The same principle applies across all of its work, whether “creating shows that are literally, ‘tell us what this show is about and we’ll do it’, or going into an organisation like an opera house and trying to use the same practice to address putting on an opera, which is a potentially incredibly fixed, ossified process”. Having worked across a number of contexts outside of Improbable – Lee Simpson in comedy, including as one of the Comedy Store Players, and Phelim McDermott as a freelance director, notably with English National Opera and the Metropolitan Opera in New York – the co-artistic directors are aware that there are ways in which theatre is made “that perpetuate potential for oppression and abuse”, and believe “improvisation is one of the ways of examining that, because you have to step into a space and not know what’s going to happen or who might take control, or how you’ve got to give up control”. And while accepting that improvisation is itself potentially problematic in its “powered dynamics around the male dominance of the comedy world”, the company still believes in it as “a place where all those things are present in the practice: it’s out there in the open, and it’s a conversation, and if you really want to wake up about it, you can”. And not only wake up but speak up: Improbable’s aim is to “be the company that creates spaces of possibility where people have agency – which means that, when they feel the impulse to say ‘this isn’t right’, they feel empowered to say it”.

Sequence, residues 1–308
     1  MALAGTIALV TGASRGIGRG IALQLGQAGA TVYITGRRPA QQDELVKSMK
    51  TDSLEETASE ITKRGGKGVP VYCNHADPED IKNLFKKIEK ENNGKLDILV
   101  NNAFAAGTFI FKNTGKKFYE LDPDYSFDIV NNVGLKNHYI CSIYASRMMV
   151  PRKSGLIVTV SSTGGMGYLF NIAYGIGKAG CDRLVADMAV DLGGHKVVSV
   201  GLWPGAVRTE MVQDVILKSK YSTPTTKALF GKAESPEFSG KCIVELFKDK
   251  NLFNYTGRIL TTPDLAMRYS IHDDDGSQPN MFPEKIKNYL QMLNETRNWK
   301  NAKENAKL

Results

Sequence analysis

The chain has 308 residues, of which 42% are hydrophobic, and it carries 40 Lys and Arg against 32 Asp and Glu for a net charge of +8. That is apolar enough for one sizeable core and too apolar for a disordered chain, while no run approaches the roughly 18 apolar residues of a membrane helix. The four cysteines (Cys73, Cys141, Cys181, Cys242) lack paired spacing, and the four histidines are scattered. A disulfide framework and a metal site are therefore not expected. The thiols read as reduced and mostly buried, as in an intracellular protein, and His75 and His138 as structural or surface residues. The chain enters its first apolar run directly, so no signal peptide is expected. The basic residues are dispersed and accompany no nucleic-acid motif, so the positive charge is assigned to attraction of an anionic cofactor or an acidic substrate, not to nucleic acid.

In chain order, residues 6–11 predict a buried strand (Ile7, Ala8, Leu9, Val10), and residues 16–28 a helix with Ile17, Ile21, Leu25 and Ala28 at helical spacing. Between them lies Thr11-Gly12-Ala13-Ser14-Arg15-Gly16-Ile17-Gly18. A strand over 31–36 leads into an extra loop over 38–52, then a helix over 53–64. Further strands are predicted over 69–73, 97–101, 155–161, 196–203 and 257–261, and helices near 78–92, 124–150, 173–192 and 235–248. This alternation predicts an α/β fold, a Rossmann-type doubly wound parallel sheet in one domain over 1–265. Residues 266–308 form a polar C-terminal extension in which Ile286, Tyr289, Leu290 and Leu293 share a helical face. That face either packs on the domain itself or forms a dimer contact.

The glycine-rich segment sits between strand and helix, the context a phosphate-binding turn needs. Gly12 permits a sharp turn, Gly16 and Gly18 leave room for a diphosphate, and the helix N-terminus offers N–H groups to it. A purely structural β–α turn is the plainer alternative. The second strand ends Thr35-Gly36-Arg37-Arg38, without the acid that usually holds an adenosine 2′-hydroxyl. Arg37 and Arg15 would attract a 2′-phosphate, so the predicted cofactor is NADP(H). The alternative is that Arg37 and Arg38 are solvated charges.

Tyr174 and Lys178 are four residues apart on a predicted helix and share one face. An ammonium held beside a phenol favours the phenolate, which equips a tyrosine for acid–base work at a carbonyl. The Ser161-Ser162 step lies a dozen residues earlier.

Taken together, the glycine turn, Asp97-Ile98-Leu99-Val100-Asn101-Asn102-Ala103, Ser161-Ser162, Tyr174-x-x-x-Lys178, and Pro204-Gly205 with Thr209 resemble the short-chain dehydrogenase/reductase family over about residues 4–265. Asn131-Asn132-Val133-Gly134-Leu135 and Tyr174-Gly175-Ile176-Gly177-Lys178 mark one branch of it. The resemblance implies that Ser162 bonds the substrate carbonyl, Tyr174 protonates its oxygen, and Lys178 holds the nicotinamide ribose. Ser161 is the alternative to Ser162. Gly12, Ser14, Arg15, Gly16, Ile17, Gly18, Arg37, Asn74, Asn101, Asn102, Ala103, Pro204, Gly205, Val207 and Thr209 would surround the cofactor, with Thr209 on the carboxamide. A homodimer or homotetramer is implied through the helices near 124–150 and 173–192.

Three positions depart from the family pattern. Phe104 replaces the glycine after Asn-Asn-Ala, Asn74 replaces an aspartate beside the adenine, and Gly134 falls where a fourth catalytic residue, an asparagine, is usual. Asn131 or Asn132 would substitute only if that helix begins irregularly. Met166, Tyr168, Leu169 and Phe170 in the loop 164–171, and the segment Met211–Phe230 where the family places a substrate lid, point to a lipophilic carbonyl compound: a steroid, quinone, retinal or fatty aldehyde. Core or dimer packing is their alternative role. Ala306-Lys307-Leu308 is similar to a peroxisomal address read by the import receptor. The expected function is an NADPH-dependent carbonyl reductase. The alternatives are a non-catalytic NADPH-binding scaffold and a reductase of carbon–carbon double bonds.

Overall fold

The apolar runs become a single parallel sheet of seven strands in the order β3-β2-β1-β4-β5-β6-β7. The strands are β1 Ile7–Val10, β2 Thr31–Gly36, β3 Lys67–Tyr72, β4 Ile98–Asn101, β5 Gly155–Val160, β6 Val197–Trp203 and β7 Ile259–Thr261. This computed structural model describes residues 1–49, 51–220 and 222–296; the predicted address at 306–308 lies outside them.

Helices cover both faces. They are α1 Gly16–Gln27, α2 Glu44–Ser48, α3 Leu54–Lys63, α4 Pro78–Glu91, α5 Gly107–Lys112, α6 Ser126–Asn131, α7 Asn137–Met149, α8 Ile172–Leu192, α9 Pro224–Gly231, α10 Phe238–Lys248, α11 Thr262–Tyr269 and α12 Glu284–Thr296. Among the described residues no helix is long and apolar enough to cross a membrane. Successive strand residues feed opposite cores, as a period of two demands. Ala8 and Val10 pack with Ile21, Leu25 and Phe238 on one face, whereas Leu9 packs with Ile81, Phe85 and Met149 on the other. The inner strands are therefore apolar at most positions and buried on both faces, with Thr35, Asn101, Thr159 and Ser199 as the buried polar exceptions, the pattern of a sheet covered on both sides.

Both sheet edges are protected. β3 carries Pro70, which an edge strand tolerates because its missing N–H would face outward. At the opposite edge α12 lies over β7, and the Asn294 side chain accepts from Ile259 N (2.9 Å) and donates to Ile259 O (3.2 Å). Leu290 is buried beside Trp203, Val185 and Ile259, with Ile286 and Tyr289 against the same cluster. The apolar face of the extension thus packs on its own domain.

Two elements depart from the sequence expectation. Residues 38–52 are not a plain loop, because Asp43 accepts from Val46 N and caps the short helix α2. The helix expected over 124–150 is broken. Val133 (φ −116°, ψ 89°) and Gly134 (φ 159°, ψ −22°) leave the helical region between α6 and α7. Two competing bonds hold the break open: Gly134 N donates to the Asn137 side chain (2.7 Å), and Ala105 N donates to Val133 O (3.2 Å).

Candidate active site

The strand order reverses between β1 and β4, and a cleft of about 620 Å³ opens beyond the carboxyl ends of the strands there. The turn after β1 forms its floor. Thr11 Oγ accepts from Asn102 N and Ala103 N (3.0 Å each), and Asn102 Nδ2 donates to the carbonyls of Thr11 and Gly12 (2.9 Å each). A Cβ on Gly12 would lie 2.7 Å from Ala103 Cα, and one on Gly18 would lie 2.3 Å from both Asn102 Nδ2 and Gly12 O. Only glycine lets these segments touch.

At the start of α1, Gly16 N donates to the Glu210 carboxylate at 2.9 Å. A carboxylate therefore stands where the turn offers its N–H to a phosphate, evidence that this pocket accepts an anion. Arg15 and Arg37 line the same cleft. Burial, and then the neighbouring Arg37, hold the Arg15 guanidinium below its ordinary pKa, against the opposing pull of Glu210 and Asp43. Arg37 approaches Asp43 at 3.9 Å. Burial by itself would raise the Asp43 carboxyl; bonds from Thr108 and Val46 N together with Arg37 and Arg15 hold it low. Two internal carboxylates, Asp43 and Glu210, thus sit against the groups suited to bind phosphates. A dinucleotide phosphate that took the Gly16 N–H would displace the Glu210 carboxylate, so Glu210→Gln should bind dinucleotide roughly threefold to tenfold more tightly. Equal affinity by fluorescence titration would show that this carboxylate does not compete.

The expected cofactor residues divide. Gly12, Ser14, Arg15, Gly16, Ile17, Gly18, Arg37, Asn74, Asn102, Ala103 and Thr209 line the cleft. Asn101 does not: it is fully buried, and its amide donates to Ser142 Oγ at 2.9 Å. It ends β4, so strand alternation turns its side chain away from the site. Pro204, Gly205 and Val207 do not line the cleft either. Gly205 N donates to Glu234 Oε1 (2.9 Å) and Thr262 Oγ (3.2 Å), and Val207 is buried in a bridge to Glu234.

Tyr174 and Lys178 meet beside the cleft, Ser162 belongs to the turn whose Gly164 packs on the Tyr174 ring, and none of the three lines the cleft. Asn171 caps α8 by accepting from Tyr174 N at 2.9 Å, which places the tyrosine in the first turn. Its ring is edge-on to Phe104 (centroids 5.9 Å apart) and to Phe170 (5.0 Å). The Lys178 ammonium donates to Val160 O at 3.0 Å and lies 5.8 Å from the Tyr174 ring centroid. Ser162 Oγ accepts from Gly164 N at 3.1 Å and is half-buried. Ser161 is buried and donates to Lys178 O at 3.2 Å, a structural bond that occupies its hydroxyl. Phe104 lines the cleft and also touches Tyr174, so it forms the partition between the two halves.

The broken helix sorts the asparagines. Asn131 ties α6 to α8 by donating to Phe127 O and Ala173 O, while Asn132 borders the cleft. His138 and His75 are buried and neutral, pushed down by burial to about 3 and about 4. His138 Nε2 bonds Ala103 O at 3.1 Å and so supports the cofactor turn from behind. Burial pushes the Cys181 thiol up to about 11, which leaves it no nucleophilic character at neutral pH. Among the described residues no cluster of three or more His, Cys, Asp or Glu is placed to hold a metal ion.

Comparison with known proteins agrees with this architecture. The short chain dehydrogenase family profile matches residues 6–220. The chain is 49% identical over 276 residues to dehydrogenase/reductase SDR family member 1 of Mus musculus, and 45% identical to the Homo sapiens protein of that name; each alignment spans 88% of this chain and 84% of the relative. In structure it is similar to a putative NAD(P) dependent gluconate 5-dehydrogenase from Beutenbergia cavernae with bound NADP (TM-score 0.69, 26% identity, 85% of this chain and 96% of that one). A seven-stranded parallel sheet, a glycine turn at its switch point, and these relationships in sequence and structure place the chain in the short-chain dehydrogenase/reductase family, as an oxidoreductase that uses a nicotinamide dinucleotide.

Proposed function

A practice of living in chaos

One of the key developments in Improbable’s existence has been its adoption of Open Space Technology: an approach to non-hierarchical leadership and self-organisation attributed to business consultant Harrison Owen. Open Space is a method of organising conferences and other public gatherings without a specific agenda: instead the event is devised by participants over the course of the day itself. Says McDermott: “One of the reasons Open Space came so naturally to the company is because of the improvisational training we’d been doing for 20 years before it appeared. What have the shows got to do with that? It’s a practice of living in chaos, being awake in chaos, being kind in chaos, being brave in chaos, and being lost. On stage is an amazing place to practice that.”